Fences are the walls of the garden room. They quite literally extend the structure and form of your modern home into the landscape, creating spaces for enjoying the out of doors.
But what makes up the composition and dimensions of a well-designed modern fence—and how should fencing relate to the interior of the home?
"If all rooms indoors and out were the same size and shape," cautions master California landscape designer Garret Eckbo in his 1956 book 'The Art of Home Landscaping,' "our world would be a prison, and we would go mad. We all enjoy the contrast of open space with complete enclosure."
The most successful fencing in the modern garden takes its cue from the clean lines and rigorous geometries of house, building on the important relationship of indoor and outdoor space and expanding it all the way to the property line.
"The fence design needs to be compatible with the exterior façade of the home, and the transition from the building to the fence should be intentional and seamless," says David Thimgan, whose Thimgan Architectural Group has renovated dozens of Sacramento Streng and Eichler homes. "This can be achieved by using the same materials as the façade of the house, or with compatible materials that contrast. Carrying trim lines or other façade details form the house to the fencing can help achieve this blend from the home to the fencing."
Rustic stone, rough irregular textures, or ornately carved and ornamented wood structures are often at odds with the basic minimalist vibe of modern and contemporary buildings and are likely not the best choices for defining the boundaries of the gardens that enclose them. This does not mean that contrast is not a good idea, explains Thimgan, who sometimes utilizes contrasting materials to punch up the visual impact of his fence designs.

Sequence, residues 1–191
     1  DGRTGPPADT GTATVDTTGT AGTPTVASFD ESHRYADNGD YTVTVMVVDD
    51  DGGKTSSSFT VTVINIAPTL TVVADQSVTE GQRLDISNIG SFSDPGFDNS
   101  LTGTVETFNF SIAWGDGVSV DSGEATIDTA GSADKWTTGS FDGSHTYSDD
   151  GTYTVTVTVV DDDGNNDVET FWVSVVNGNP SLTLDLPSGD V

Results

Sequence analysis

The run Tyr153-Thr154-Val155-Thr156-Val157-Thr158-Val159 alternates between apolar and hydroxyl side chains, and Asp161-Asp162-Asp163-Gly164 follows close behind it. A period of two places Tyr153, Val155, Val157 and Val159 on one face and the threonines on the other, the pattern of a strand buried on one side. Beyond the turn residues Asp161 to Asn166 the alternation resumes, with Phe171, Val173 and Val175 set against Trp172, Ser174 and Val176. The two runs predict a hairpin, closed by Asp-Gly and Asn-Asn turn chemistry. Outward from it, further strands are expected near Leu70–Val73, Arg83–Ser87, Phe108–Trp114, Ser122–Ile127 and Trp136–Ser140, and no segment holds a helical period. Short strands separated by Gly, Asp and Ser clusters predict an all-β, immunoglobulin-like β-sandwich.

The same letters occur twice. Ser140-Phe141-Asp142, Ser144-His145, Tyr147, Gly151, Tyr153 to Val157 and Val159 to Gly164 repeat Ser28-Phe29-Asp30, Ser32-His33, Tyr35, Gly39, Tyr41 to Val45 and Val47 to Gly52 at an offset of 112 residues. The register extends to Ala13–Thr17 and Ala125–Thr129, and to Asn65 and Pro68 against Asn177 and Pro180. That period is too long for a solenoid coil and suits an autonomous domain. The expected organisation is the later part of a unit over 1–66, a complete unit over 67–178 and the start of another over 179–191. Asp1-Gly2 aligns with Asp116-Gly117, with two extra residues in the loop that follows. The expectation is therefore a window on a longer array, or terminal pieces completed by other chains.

"Heavy and light materials are intriguing," he says. "There are a number of light open-weave metal screens currently being applied in commercial architecture that hold promise for residential fencing. In contrast to that, you have heavy and substantial materials such as cut stone and concrete. If done well, either of these will contrast nicely with the clean lines and smooth surfaces of a modern home."
Vertical textures that echo the patterns of siding or long horizontal planes that carry the line of a building wall outward are both appropriate design strategies for the modern landscape. Many of the original gardens created by prominent mid-century designers included fencing that had strong vertical character.
Architect Lourdes Garcia of Garcia DeCredico Studio, based in the East Bay, has worked with many Eichler homeowners and believes that the vertical siding that is unique to those homes is another great material for fence-making.
"This type of surface texture offers a nice opportunity for the play of shadows throughout the day," Garcia says. "By cladding both sides of the fence with siding that is read as walls, the technique very effectively expands the visual presence of the home. Other texture materials, such as bamboo, also offer this possibility."
Of course, horizontal patterns can also be found in photographs from the period, but fencing with a strong horizontal look is in many ways a more contemporary design approach. Either strategy works well, but if the goal is a garden with a 'retro' feel, a fence that includes a vertical pattern may be the more appropriate choice.
The amount of security desired is also a consideration when making the vertical versus horizontal choice. Obviously, fences that include horizontal members are easier to climb, so care should be taken with the design to minimize the use of the fence as a potential ladder.
Most municipalities have design standards that set the maximum height, and sometimes the materials that can be used in residential fencing. As a result, the six-foot-high-board property line fence is nearly universal design response from most builders and homeowners.